University of Bedfordshire, Putteridge Bury, Hitchin Road, Luton, LU2 8LE, UK. email@example.com
This study explored whether reflexology could improve or sustain the wellbeing of people with Parkinosn's Disease [PD] using the PDQ39 wellbeing tool designed specifically for use with people with PD. The treatmnt protocal involved giving 8 therapy sessions to 16 people with varying derees of PD in a cross-over design to enable a longitudinal survey of impact. Whilst the results reflected the progressive nature of PD deterioration over time there was an improvement in wellbeing over the active therapy phase. These results suggest that continuous two- three weekly reflexology may limit further deteroration or maintain improvement of wellbeing. A further study is indicated to study this hypothesis.
Copyright 2009 Elsevier Ltd. All rights reserved.
[PubMed - indexed for MEDLINE
Department of Neurology, University of South Florida, Tampa, 33612, USA. firstname.lastname@example.org
Nearly two-thirds of patients with Parkinson's disease (PD) use vitamins or nutritional supplements, and many more may use other complementary therapies, yet <50% of patients have discussed the use of these complementary therapies with a healthcare professional. Physicians should be aware of the complementary therapies their patients with PD are using, and the possible effects of these therapies on motor and non-motor symptoms. Complementary therapies, such as altered diet, dietary supplements, vitamin therapy, herbal supplements, caffeine, nicotine, exercise, physical therapy, massage therapy, melatonin, bright-light therapy and acupuncture, may all influence the symptoms of PD and/or the effectiveness of dopaminergic therapy. Preliminary evidence suggests complementary therapy also may influence non-motor symptoms of PD, such as respiratory disorders, gastrointestinal disorders, mood disorders, sleep and orthostatic hypotension. Whenever possible, clinicians should ensure that complementary therapy is used appropriately in PD patients without reducing the benefits of dopaminergic therapy.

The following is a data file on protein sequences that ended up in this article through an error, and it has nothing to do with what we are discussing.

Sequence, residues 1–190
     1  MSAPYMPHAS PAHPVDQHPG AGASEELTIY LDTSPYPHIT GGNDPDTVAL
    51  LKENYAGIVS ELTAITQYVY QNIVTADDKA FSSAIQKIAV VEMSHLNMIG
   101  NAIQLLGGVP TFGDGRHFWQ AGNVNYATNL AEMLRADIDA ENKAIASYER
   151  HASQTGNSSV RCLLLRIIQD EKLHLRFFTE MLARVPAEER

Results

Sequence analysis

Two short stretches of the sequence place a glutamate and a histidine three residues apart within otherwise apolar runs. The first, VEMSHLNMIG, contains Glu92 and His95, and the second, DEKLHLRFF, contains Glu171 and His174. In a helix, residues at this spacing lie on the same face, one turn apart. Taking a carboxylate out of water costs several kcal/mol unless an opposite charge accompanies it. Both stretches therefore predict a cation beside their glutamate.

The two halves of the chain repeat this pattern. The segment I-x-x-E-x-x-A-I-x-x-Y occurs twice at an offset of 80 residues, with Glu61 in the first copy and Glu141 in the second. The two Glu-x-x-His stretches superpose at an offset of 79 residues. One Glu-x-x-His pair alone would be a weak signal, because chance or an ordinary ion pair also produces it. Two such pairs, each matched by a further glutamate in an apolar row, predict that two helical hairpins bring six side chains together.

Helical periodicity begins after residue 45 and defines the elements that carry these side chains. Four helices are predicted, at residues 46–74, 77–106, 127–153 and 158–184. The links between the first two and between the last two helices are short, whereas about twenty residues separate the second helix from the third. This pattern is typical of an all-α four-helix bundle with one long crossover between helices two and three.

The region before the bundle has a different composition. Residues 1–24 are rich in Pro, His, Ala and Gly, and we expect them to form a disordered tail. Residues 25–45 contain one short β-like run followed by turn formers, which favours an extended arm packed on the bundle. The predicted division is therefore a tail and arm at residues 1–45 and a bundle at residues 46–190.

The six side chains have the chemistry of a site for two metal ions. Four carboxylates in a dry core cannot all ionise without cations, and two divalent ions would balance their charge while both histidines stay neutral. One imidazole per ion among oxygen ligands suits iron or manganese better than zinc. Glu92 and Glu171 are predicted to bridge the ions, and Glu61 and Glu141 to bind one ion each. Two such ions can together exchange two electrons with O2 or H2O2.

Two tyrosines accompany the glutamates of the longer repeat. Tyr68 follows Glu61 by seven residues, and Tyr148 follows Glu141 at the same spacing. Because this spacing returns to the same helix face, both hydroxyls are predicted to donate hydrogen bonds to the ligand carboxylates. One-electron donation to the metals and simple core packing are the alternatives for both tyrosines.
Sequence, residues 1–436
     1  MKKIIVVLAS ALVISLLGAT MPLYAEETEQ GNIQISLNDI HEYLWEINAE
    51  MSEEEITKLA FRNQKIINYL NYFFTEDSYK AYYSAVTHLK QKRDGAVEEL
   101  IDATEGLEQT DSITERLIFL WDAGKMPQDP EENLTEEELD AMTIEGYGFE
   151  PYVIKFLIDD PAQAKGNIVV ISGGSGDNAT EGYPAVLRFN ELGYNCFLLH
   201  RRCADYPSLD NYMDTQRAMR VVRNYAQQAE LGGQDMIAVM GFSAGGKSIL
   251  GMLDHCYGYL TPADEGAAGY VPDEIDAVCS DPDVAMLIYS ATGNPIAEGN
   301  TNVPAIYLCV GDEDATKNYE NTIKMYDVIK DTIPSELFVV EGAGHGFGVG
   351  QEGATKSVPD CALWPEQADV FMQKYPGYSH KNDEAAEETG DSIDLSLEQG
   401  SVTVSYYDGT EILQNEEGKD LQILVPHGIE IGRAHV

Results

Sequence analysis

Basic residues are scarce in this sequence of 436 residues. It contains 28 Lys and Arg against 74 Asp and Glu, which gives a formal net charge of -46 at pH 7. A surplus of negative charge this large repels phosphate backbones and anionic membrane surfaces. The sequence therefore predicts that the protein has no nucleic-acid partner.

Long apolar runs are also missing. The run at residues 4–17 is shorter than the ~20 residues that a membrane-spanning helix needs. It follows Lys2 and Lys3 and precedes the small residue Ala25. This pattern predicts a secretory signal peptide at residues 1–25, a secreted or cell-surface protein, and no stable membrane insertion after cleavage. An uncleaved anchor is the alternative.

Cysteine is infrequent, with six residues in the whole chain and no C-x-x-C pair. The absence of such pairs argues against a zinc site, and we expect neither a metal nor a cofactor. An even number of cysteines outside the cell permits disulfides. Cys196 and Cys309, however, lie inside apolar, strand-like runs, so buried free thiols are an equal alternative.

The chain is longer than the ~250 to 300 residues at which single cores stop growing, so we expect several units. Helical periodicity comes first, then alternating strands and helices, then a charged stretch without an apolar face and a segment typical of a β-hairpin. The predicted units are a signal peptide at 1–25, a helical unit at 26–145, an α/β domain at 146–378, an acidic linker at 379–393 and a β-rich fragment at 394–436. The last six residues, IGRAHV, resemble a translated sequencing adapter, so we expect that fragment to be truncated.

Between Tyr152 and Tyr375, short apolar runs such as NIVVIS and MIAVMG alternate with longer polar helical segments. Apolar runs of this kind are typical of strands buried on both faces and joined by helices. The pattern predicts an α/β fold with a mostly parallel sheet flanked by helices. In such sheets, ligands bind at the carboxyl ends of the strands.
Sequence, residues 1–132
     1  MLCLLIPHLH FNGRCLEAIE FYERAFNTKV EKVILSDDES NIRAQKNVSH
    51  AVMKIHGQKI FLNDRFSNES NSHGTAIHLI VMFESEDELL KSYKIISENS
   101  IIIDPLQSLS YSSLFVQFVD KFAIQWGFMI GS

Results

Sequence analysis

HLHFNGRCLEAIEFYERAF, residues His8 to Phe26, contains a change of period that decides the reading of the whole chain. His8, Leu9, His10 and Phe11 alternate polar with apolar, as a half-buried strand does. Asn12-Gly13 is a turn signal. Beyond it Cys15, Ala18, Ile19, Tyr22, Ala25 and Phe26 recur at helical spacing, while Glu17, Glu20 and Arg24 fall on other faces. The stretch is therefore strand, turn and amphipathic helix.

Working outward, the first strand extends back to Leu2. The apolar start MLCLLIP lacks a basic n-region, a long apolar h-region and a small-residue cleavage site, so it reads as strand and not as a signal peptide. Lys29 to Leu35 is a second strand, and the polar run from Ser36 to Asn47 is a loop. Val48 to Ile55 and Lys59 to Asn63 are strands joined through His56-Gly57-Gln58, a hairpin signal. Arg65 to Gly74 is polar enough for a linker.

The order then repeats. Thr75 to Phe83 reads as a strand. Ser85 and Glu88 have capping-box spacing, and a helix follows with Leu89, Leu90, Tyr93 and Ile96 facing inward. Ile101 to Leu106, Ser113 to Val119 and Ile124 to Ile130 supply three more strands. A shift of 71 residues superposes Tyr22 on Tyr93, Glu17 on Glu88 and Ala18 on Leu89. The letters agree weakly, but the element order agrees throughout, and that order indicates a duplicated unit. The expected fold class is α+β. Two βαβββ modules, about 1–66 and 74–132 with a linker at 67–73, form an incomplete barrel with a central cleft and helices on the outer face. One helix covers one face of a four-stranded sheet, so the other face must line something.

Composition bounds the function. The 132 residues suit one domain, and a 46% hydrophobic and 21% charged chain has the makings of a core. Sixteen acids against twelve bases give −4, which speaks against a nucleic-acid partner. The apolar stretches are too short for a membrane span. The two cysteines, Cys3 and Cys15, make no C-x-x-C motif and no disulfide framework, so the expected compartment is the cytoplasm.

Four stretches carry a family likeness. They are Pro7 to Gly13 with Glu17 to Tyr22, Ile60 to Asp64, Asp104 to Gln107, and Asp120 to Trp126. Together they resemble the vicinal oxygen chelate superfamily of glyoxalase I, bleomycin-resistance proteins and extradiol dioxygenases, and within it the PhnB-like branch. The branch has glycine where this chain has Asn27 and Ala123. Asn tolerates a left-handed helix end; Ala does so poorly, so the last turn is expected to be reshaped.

[PubMed - indexed for MEDLINE]
Center for Parkinsonism and Other Movement Disorders, Department of Neurology, Asan Medical Center, University of Ulsan College of Medicine, Seoul, South Korea.
Many patients with Parkinson's disease (PD) often utilize complementary and alternative medicine (CAM). We aimed to survey the prevalence, spectrum of use, and factors related to utilization of CAM in patients with PD in Korea.
Between 15 December 2005 and 30 April 2006, we studied 123 patients with PD who volunteered to be interviewed using semi-structured questionnaires.
Ninety-four (76%) patients had used CAM. The mean cost of CAM paid by patients (out-of-pocket costs) was 102.3 US Dollars (USD) per month, while medical costs of treatment for PD paid by patients (out-of-pocket costs) averaged 72.8 USD per month. Patients using CAM sought to improve motor symptoms (57.6%), fatigue (19.6%), pain (4.3%), constipation (5.4%) or specified no single reason (13.0%). The spectrum of CAM use included oriental medicines (76.6%), traditional food (44.7%), non-prescribed drugs (31.9%), traditional therapies (7.4%), massage (7.4%) and behavioral therapy (7.4%). Factors related to current use of CAM were disease duration, degree of education, and daily levodopa equivalent dose. In a logistic regression analysis, the duration of PD was a significant factor for CAM use.
These results suggest that a high proportion of Korean PD patients employed CAM, associated with high costs and serious side effects in some patients.
[PubMed - indexed for MEDLINE]